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Wine tastings in Italy are nothing like those in the US. They are glorious affairs complete with delicious foods paired with the incredible wines. This particular winery brought us samples of homemade, organic jams made from fruits grown in the family's garden. We dabbed these on locally produced pecorino cheese. Yum!⁣
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We're so glad that we had a local driver and guide. Stopping here was a highlight of our Italian adventure, and we never would have found it on our own.
  • The village of Marsaxlokk, Malta, is famous for these brightly painted fishing boats. The design is rather ancient, possibly dating back to Phoenician times, though it's still used today because it is very strong and holds up well in rough weather. One feature of each boat's decorations, are eyes painted on the bow of the boat. These eyes are said to protect the people fishing while they are at sea.
  • The blue cobblestones of Old San Juan, Puerto Rico, are actually part of a recycling project which started 500 years ago. Iron foundries in Spain produced huge piles of waste, called slag. Rather than throw these piles away, the slag was made into blocks which was placed into ships as ballast. The ballast was offloaded in Puerto Rico when they loaded products bound for Spain. The blocks were then used to pave the streets. ⁣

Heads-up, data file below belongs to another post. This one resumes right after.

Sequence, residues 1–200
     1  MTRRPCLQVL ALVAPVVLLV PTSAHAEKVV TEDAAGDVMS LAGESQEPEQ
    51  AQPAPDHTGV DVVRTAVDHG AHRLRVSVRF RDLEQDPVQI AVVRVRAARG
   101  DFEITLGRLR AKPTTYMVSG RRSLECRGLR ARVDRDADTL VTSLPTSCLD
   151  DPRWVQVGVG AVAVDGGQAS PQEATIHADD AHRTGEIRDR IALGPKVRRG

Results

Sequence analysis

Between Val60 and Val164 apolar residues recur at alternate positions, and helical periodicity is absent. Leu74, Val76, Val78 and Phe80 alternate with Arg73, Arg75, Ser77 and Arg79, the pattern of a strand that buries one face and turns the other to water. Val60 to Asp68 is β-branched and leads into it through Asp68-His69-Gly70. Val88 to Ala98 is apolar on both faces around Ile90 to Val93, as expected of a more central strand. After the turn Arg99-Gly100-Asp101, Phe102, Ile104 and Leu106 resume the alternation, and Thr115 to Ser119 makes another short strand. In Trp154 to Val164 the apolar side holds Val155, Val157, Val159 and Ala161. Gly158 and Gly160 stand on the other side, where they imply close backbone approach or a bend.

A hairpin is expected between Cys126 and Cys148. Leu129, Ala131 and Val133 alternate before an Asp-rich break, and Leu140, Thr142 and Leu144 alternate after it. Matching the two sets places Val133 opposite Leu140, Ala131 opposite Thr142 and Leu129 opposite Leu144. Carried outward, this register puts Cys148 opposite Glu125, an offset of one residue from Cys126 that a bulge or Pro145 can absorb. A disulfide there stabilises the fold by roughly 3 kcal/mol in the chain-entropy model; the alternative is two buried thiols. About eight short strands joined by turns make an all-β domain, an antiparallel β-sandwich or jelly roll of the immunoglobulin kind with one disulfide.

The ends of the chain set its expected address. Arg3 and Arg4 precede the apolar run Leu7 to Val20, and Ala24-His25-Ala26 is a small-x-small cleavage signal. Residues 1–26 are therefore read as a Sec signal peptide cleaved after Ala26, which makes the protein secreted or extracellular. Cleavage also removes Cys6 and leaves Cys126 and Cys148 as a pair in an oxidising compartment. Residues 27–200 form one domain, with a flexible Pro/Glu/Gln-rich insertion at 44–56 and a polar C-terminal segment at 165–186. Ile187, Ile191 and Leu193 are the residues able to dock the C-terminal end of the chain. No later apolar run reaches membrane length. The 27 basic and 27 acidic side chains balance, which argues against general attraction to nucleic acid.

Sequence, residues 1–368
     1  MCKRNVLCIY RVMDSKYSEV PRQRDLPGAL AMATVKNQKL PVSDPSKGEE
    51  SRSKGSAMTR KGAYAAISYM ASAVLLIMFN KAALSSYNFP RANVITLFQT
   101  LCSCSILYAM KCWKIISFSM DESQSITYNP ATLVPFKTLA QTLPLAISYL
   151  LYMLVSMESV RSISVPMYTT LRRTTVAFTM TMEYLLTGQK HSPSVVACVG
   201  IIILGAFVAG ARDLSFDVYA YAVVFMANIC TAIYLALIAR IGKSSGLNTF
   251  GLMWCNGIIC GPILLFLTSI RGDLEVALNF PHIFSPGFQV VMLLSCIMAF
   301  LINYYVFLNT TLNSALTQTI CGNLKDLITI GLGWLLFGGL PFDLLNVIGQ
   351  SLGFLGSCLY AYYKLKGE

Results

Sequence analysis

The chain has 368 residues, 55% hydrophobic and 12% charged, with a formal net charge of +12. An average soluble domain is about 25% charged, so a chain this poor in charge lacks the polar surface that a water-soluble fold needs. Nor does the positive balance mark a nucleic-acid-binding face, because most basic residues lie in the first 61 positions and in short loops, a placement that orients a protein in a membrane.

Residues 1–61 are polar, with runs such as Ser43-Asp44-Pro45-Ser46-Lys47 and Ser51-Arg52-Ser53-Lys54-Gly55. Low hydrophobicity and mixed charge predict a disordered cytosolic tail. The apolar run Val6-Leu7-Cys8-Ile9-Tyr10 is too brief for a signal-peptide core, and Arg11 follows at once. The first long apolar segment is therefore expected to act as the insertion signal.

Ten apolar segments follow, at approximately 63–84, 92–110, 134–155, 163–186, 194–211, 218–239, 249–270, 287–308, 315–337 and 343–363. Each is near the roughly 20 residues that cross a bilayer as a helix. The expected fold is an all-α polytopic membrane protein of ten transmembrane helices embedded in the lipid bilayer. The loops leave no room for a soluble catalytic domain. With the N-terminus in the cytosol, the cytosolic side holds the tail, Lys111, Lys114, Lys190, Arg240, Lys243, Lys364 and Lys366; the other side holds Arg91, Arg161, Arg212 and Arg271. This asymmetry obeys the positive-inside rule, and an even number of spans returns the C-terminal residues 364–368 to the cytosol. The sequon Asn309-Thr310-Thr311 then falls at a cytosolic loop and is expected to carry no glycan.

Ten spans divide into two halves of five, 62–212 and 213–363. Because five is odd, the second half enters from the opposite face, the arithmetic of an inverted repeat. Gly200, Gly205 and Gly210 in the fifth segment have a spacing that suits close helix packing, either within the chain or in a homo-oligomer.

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Pretty good idea, and 500 years later, they are holding up well!
  • The Overseas Highway connects Key West and the Florida Keys to the mainland U.S. While the entire road is a marvel of engineering, the centerpiece is the Seven Mile Bridge, which runs over water for, well, seven miles.⁣
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The next time you're driving, reset your trip odometer and wait until it gets to seven miles. You'll see that's a pretty long distance. And then think about the fact that people built a bridge over water with no land to support them for that distance. Pretty incredible-especially since the first one was built in 1912.
  • We'd never heard of cannonball rocks before we drove past them at North Unit of Theodore Roosevelt National Park and asked each other, "did you see that?" We'd never seen anything quite like these natural "concretions" created when water leaked into pockets of minerals in the ground. Now, as a hill erodes, these formations are exposed.⁣
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Seeing these rocks was such a cool experience because it reminded us of why we travel. We never know when we'll find something new, something that we never knew existed. We got along fine not knowing about cannonball rocks, yet now that we've seen them, our lives are a little richer. ⁣
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The world is a pretty cool place. Check it out.⁣
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@ndlegendary